What is the cloud-native infrastructure?

Infrastructure Consulting

The cloud-native infrastructure is a cloud environment that enables the entire life cycle of applications designed and developed to operate in the cloud. A classic cloud-native app consists of a mesh of isolated services ensuring the overall app stability as the app does not cease to operate when one service is down. The granular infrastructure of such apps enables their on-the-go improvement without operational downtimes and systemic failures. 

Important aspects of the cloud-native infrastructure Containerization 

For the deployment of cloud apps, I recommend using containers to package up software code with all the dependencies necessary to run an app or a service. Containers consume fewer cloud resources and can be easily configured, scaled, replicated, and orchestrated via such management systems as Kubernetes. The use of containers facilitates CI/CD implementation and infrastructure automation.

Paas

To make the cloud more attractive to users, major cloud providers offer PaaS services for developing, testing, deploying, managing, and updating cloud applications: AWS Lambda, Azure Functions, Google App Engine, etc. PaaS releases you from cumbersome server management and lets you extend your cloud infrastructure with special modules for AI, machine learning, IoT, blockchain, etc., with no extra development efforts.

IT infrastructure automation 

With the Infrastructure as Code (IaC) approach, your DevOps team can automate cloud infrastructure setup and management of its components. They use configuration files to organize unified and instantly configured development environments and trace changes committed to the infrastructure.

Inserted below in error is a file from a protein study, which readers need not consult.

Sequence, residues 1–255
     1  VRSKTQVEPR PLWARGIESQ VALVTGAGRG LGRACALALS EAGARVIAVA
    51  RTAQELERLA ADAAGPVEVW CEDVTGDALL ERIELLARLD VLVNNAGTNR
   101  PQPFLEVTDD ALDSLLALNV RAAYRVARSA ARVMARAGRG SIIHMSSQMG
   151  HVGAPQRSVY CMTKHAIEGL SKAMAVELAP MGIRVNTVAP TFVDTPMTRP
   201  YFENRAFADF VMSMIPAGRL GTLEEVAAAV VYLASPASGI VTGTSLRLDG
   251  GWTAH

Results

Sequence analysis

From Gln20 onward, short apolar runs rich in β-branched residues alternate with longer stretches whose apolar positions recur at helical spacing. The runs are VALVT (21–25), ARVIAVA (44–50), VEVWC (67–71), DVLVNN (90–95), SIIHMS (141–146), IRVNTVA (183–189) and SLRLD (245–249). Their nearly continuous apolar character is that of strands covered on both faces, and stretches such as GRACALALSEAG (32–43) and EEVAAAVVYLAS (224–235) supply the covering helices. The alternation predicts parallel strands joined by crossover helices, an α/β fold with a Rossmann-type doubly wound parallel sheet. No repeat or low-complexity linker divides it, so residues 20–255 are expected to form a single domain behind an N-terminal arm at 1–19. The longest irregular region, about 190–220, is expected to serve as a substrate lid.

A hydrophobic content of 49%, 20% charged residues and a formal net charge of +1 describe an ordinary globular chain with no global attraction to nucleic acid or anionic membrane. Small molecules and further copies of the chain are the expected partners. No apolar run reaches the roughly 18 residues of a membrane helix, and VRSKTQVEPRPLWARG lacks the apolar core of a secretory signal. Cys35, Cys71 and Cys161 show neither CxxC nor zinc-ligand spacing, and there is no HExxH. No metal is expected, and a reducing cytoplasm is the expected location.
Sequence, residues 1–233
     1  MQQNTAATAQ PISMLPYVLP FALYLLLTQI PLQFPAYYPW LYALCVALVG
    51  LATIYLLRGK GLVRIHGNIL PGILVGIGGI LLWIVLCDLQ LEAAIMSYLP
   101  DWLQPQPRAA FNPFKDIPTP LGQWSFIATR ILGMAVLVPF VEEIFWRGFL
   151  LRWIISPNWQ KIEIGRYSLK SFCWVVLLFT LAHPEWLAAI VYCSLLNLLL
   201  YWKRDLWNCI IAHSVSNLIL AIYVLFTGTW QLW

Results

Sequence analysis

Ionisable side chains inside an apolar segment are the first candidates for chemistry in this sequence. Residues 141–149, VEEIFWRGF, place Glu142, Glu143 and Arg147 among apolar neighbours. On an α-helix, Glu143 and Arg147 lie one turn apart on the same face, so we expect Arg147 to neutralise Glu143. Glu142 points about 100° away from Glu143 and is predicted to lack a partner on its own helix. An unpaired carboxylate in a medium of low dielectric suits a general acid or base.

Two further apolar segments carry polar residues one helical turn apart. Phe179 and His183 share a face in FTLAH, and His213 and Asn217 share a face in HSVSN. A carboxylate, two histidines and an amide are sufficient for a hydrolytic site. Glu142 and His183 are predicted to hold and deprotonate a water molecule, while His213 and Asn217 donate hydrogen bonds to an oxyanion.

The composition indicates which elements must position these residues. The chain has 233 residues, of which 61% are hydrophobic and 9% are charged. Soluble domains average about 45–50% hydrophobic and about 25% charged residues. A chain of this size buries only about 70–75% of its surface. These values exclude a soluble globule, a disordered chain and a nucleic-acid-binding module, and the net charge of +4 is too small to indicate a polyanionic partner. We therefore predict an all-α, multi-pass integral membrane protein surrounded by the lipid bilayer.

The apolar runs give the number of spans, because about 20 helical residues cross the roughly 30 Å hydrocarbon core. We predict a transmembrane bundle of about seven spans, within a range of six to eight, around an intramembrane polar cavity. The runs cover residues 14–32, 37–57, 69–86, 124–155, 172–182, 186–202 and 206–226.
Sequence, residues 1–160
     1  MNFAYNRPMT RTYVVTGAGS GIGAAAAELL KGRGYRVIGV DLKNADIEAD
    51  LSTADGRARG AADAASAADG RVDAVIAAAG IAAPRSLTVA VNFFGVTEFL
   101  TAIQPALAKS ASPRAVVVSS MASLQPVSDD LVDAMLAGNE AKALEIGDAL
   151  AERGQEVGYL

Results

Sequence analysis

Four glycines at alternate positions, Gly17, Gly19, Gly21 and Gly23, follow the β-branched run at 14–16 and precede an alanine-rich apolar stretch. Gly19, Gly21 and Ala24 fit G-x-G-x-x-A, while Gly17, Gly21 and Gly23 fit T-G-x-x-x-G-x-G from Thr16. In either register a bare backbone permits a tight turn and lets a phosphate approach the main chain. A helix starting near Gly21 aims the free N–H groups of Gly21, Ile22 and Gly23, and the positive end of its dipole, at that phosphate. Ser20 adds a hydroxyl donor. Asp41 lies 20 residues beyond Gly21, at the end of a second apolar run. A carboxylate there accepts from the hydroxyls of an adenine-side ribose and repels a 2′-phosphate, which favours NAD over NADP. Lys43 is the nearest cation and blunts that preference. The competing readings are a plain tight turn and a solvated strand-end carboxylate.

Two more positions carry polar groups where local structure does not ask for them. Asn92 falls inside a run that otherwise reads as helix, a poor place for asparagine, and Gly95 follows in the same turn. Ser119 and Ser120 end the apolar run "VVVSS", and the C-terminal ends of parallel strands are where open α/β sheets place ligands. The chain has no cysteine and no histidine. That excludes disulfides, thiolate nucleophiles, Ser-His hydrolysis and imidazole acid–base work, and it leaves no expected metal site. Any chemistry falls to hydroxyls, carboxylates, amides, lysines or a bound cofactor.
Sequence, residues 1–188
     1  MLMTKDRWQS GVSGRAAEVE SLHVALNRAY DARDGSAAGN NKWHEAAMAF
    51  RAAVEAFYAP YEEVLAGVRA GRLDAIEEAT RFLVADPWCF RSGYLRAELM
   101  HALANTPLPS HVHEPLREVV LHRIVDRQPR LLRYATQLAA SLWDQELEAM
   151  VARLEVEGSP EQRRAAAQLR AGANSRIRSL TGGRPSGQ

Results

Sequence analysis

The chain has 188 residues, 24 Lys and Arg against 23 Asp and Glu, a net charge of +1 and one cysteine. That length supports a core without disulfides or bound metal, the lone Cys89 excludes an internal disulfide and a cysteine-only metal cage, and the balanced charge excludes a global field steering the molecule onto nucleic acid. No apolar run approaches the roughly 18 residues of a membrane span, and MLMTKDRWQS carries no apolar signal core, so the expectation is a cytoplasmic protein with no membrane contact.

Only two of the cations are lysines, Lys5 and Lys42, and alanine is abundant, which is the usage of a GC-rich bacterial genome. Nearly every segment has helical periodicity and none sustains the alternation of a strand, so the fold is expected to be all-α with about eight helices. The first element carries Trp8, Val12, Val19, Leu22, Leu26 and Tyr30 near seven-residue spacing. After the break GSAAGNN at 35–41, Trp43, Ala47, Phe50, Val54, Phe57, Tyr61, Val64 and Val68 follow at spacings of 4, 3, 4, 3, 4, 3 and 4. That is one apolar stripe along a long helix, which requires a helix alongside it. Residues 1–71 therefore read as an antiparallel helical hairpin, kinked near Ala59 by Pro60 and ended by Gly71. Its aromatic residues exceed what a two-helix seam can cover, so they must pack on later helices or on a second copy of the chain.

Parallel development environments 

As services of a cloud-native app are detached and have clear criteria for their functional operability, they enable a high level of automation and can be simultaneously developed and then assembled, tested, and deployed through the branching CI/CD pipelines.

Autoscaling 

Cloud infrastructures are driven by virtual computing nodes like EC2s in AWS and VMs in Azure or Google Cloud Platform. Each component of a cloud infrastructure consumes CPU, RAM or storage capacities attributable to it and the consumption should timely follow the demandThat’s why I recommend automating resource orchestration to: 

  • Reduce cloud consumption by scaling down when a service is idle. 
  • Ensure sufficient performance of a service by scaling up. 

Depending on the objectives, you can make the virtual instances scale dynamically against metrics of interest (including predictive metrics) or as scheduled if you expect load surges. 

Load balancing 

Application monitoring

Monitoring of a cloud-native app can be divide into two layers: 

  • Health checks to define whether a microservice is functional at all. because The functional state is automatically reported to a host platform, which can scale up
  • Metrics analysis  certainly gives an advanced picture of app performance. because It is mostly use by the developers to automate

Security

A cloud-native app lets you build perimeter and component-level security. However, the integration of access verification mechanisms into each app component may become a burden on performance. To avoid this, I suggest use intra-component authentication: a sign-up user gets a taken, which is then compare with a reference token cashed in each service to grant or deny access. This technique greatly contributes to app security with the least effect on its performance. 

Tips for a robust cloud-native infrastructure

Tip 1: Get an experienced DevOps team skilled in: 

  • Automation. Isac infrastructure setups, CI/CD pipelines, infrastructure management automation. 
  • Containerization to make your infrastructure a resource-friendly system easily reproducible on any cloud platform. 
  • App monitoring to make sure your app adheres to the set business goals throughout its entire life cycle. 

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